- Life & Money
- Everyday Money
- Building Savings
- Marianne Hayes
- Nov 18, 2022
Whether your goal is to save for college or just start putting some money away to help your child (or grandchild) in the future, options abound. A variety of long-term savings vehicles, such as custodial accounts, can help. Here’s a closer look at how custodial accounts work, so you can decide if it’s right for you.
What is a custodial account?
Custodial accounts are opened on behalf of a minor. While the child technically owns the assets in the account, the adult serves as the custodian, making decisions, like managing contributions and making investment choices, on behalf of the child. Once children reach the age of majority in their state, they become the owners of the accounts and have full access to do whatever they choose.
Custodial accounts can be structured as regular savings accounts or investment accounts. The latter allows the custodian to invest in stocks, bonds, exchange-traded funds (ETFs), mutual funds, and other securities. Thanks to compound interest, starting a custodial account early for your children can help them get a big jump on their own future savings.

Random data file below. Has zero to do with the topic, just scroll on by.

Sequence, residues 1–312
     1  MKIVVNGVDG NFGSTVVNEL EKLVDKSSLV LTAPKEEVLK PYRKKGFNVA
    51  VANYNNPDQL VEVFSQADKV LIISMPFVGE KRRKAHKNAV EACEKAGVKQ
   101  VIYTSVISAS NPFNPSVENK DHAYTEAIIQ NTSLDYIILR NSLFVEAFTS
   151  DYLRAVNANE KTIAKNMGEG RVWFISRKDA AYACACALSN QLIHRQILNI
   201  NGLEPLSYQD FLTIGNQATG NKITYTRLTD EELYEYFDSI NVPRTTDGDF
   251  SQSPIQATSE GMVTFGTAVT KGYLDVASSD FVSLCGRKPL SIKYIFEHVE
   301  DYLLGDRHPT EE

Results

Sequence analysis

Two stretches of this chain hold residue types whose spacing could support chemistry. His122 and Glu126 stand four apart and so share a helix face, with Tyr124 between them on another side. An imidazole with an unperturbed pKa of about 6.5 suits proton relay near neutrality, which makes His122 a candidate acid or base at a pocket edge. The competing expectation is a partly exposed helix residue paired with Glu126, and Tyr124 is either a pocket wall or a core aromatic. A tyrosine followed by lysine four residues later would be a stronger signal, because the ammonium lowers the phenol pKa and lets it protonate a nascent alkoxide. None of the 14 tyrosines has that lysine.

What are custodial accounts for?
Custodial accounts are fairly flexible and allow you to save for virtually anything, such as:
- Setting money aside for a minor child’s first car, home purchase or another big-ticket item; and
- Leaving a legacy for your child, grandchild or other minor you care about.
Types of custodial accounts
Custodial accounts come in several shapes and sizes. Here are some common custodial accounts:
1. Uniform Gifts to Minors Act (UGMA)
This type of account has no overall contribution limit. Each person who contributes to the account can deposit up to $17,000 per year, which means a couple can contribute up to $34,000 in 2023 without tax consequences. If you contribute more than that, it’ll count toward your lifetime gift-tax exclusion limit. (For 2023, that’s just under $13 million.)